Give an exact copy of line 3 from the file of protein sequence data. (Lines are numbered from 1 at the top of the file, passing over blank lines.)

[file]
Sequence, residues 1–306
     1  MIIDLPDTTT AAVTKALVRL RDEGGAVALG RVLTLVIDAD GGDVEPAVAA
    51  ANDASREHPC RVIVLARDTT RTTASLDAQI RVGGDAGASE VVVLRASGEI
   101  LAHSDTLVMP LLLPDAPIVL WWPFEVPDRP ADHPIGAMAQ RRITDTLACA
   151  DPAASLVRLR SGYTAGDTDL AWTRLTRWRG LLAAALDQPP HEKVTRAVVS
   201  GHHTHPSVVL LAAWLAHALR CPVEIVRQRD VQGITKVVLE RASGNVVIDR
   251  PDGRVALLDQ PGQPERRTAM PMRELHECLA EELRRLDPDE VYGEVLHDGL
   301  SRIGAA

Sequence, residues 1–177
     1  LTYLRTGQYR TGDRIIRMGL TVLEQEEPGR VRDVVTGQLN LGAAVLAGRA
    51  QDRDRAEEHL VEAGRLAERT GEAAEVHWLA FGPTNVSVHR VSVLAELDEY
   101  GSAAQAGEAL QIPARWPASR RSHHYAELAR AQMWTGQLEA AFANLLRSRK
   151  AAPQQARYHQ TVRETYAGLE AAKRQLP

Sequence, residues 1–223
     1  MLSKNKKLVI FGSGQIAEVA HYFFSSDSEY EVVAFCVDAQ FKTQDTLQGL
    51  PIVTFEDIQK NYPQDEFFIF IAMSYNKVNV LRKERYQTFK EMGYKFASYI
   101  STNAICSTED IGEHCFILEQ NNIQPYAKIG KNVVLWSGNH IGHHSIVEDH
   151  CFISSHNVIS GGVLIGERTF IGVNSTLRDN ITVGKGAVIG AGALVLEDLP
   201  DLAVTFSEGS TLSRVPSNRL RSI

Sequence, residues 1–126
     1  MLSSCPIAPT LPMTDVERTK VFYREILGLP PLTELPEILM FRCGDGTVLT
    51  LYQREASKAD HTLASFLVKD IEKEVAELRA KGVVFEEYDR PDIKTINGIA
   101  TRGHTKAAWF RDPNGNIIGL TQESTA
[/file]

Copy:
    51  ANDASREHPC RVIVLARDTT RTTASLDAQI RVGGDAGASE VVVLRASGEI